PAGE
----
Recruiting leaders must redesign their strategies amid highly incapable new hires
To hire quality talent, recruiting leaders must shift their strategies from replacing the workforce to instead shaping the workforce by defining needs based on skills, sourcing talent more broadly and creating responsive employment value propositions (EVPs).
Historically, the value of the recruiting function has been to acquire quality talent with critical skills to meet the organization’s short- and long-term objectives.
Accomplishing this objective centered around replacing the workforce through a similar set of candidate profiles from known talent pool sources that were attracted to existing EVP attributes.
Gartner TalentNeuron data shows that existing roles may require up to 10 new skills by 2021.
Current environment of economic instability due to coronavirus has made traditional talent pools less viable for sourcing talent as high-quality candidates with traditional qualifications are unlikely to leave their current positions.
The coronavirus pandemic has forced employers to rethink how to best get work done and what skills their employees will need to adapt in this new context.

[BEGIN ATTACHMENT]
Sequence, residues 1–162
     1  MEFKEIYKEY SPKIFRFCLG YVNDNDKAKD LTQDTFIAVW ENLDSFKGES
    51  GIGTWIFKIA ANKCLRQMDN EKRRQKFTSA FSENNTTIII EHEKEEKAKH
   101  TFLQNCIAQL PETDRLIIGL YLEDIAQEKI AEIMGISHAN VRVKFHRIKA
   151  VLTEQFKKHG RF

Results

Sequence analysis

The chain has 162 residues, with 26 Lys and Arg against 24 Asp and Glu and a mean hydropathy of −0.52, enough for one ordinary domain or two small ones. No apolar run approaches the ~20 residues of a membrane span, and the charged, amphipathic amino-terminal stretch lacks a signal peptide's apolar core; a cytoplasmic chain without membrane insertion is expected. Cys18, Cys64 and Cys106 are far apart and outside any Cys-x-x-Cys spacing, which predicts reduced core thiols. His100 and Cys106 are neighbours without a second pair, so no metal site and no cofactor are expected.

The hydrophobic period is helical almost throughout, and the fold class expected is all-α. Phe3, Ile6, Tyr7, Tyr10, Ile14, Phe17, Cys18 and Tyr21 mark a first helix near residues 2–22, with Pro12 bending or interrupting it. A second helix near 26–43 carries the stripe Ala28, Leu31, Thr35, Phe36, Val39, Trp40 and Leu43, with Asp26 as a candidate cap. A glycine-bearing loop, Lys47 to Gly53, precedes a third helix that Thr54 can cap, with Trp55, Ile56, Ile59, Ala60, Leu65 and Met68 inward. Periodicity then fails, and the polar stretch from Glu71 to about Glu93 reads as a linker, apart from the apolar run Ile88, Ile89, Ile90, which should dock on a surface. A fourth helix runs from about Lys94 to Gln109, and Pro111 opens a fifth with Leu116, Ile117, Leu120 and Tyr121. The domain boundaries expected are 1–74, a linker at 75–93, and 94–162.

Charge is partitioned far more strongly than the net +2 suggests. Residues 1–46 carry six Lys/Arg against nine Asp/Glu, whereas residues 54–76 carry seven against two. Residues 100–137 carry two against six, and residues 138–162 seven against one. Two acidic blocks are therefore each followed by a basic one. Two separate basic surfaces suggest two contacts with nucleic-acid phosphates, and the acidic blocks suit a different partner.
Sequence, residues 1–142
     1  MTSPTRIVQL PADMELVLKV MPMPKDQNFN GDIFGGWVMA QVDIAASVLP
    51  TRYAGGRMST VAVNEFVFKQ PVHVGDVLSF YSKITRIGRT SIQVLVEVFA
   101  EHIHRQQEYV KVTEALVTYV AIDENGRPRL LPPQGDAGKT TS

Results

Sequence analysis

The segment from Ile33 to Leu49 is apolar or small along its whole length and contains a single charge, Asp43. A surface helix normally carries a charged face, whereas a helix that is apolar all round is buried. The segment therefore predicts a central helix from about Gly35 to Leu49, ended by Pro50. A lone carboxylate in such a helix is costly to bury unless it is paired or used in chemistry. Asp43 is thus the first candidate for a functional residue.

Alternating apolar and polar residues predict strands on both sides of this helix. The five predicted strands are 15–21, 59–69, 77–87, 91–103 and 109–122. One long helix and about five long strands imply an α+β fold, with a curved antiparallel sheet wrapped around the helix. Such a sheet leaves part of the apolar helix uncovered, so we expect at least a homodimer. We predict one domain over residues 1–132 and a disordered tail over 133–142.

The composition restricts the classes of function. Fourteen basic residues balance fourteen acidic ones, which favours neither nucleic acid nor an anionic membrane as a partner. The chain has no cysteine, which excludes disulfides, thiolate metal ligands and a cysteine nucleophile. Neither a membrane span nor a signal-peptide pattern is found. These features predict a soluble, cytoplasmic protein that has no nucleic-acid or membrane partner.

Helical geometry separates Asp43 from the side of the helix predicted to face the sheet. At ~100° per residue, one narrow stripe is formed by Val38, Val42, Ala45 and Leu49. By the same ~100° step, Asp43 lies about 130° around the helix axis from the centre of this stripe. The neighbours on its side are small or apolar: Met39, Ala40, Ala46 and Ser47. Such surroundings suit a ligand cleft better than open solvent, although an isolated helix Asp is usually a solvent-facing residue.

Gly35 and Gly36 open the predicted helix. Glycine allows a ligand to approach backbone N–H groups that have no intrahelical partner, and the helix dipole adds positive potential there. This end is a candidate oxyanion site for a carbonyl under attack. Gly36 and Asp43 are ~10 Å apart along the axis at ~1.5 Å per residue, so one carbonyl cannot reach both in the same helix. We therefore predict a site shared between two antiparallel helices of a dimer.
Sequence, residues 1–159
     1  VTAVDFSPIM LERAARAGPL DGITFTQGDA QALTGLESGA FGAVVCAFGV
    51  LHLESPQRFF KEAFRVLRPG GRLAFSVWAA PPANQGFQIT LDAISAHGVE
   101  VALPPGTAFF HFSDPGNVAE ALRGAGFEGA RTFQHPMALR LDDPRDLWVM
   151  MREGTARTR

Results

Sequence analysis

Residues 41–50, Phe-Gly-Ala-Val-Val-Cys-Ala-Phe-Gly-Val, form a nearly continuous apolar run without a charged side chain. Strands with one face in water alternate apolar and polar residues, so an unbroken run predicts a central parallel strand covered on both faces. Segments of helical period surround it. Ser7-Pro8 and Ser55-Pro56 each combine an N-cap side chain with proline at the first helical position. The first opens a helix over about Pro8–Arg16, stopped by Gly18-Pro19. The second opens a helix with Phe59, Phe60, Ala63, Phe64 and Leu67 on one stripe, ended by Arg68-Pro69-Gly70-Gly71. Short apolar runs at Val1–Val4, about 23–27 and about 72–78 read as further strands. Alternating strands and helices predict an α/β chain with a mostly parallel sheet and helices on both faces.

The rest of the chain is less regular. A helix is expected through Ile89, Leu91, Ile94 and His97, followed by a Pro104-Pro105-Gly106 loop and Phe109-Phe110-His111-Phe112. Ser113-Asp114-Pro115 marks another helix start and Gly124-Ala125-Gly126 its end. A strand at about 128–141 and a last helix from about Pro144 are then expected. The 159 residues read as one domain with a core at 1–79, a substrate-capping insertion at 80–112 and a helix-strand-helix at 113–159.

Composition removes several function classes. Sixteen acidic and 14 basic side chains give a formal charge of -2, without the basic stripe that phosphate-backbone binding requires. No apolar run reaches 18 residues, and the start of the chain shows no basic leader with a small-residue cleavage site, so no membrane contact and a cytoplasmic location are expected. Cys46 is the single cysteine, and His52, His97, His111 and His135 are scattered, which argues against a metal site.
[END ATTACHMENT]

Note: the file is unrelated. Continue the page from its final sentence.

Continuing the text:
Candidates are scrutinizing organizations’ responses to the pandemic, looking to see how companies have treated employees during this time.
Shaping the workforce means acquiring new skillsets from a diverse skills market that influences an organization’s EVP.
Specifically, recruiting functions need to make three key shifts:
Define talent needs by prioritizing skills instead of hiring profiles
Uncover the total skills market instead of targeting known talent pools
Create responsive EVPs, not just responsive candidates.
To be effective in this new approach, recruiters need to understand skill needs in the larger context of the organization-wide strategy.
To equip recruiters with this knowledge, the best organizations leverage HR partnerships to map future skill needs.
Recruiters can then consult the business on how to best align job strategy with organization-wide objectives.
Recruiters have long sourced skills from known talent pools based on credentials and background.
This strategy misses out on highly skilled candidates, as Gartner research shows that 43% of candidates are self-taught in one or more of their role’s requirements.
In addition, organizations are increasingly developing high-value skill sets in employees through accelerated training programs.
HR leaders should also consider where their search criteria can be broadened.
HR leaders should also audit their entire hiring process for exclusionary practices that advantage one talent segment over another. ■